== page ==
...that's my bit.
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Carole
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« Reply #2 on: November 06, 2006, 03:16:47 PM »

I also think the apparitions to children being compared to ascetic experiences is a stretch, if not insulting.

Thank you. 

In reading your response I realize that I inadvertantly misrepresented something that Mr. Carlton wrote.  When I said that he compared the fact compared the phenomenon of these visions appearing to children to the appearances to ascetics ... I meant to say (though I neglected to) that he did so in a very negative manner.  He was stating that the phenom of apparitions appearing to impressionablle young children (who are not generally the most reliable witnesses to an event) is in direct contradiction to the Orthodox experience of visions of the Mother of God appearing to experienced ascetics.  It was, in his opinion, yet another strike against the visions of Fatima (and to a lesser point Lourdes and Medjugorja). 

I apologize if my writing made it appear that he believes that the apparitions that appeared to the children at Fatima are in the "same league" (so-to-speak) as visions that have appeared to ascetics.
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Carole
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« Reply #3 on: November 06, 2006, 03:20:31 PM »

That Fatima and other Catholic events are "demonic delusions" is a personal view held by Carlton and probably some other Orthodox as well, I think including some clergy and hierachs.  With that said though...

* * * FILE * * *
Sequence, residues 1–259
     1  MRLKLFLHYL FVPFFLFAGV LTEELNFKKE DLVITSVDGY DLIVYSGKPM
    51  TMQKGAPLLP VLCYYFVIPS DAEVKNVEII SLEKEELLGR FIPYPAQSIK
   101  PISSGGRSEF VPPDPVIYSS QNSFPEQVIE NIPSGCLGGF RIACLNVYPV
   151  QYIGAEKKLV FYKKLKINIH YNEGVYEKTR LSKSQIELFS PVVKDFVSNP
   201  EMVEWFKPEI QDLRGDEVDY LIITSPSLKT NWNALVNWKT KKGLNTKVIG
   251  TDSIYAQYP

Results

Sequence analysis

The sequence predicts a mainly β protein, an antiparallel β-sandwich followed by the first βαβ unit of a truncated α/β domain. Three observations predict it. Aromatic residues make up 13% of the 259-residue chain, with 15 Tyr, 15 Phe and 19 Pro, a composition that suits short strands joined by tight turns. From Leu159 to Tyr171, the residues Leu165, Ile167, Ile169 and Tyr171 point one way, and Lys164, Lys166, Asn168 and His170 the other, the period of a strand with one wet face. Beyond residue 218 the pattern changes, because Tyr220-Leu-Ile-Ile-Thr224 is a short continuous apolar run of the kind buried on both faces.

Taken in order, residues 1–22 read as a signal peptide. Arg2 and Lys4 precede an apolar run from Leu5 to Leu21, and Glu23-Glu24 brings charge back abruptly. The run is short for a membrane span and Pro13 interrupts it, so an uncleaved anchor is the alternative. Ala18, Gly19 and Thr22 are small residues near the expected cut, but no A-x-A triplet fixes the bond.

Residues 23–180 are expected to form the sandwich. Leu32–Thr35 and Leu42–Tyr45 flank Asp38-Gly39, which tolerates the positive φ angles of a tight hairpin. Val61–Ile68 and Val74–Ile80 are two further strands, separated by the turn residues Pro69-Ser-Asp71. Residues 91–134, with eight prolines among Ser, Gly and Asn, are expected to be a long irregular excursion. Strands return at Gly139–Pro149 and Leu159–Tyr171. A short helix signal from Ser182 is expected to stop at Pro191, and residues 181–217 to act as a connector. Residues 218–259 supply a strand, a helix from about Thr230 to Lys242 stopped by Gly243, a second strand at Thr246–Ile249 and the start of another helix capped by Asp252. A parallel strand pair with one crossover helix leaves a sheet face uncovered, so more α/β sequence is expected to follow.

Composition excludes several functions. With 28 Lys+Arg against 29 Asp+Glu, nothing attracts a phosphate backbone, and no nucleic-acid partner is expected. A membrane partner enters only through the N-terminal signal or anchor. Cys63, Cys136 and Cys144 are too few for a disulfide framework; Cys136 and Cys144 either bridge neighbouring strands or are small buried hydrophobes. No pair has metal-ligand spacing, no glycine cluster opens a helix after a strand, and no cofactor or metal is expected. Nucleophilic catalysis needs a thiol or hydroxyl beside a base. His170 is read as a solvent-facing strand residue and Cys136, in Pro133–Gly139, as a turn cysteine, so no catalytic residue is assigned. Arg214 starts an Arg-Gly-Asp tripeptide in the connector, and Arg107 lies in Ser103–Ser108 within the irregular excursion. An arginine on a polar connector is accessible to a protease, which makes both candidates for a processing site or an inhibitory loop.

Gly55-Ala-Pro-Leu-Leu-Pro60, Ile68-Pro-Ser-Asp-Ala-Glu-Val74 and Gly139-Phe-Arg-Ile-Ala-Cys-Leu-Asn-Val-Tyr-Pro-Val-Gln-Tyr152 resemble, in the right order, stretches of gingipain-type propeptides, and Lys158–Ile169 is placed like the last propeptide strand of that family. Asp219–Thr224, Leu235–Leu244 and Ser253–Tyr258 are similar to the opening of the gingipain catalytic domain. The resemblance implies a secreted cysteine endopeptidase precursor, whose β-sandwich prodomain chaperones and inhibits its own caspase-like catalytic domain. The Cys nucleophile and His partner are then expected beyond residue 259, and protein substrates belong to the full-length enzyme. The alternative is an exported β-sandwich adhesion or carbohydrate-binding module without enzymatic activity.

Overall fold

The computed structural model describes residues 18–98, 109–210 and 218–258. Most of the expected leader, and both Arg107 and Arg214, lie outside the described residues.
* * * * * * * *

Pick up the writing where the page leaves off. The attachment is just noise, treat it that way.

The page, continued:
Orthodox POV:  It is outside the Church, so we don't speculate on the prophecies/apparations outside the Church.  Following spritual happenings outside the Church is questionable at best, rather spiritually dangerous or even disasterous at worst.

Roman Catholic POV:  I personally don't know if whoever involved was canonized or not.  But if they were not, then it is not official RC dogma and the visions/prophecies ought not to be taken too seriously either.
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Carole
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« Reply #4 on: November 06, 2006, 03:36:07 PM »

That Fatima and other Catholic events are "demonic delusions" is a personal view held by Carlton and probably some other Orthodox as well, I think including some clergy and hierachs.  With that said though...

Orthodox POV:  It is outside the Church, so we don't speculate on the prophecies/apparations outside the Church.  Following spritual happenings outside the Church is questionable at best, rather spiritually dangerous or even disasterous at worst.

Roman Catholic POV:  I personally don't know if whoever involved was canonized or not.  But if they were not, then it is not official RC dogma and the visions/prophecies ought not to be taken too seriously either.

I understand that this is a personal opinion held by Carlton.  Which is why I asked two questions - one of which was the personal opinions of those responding and one being is there anything in his opinion that is contrary to Orthodox teaching.  I will take it from your response that there is nothing in his personal opinion that is contrary to Orthodox theology.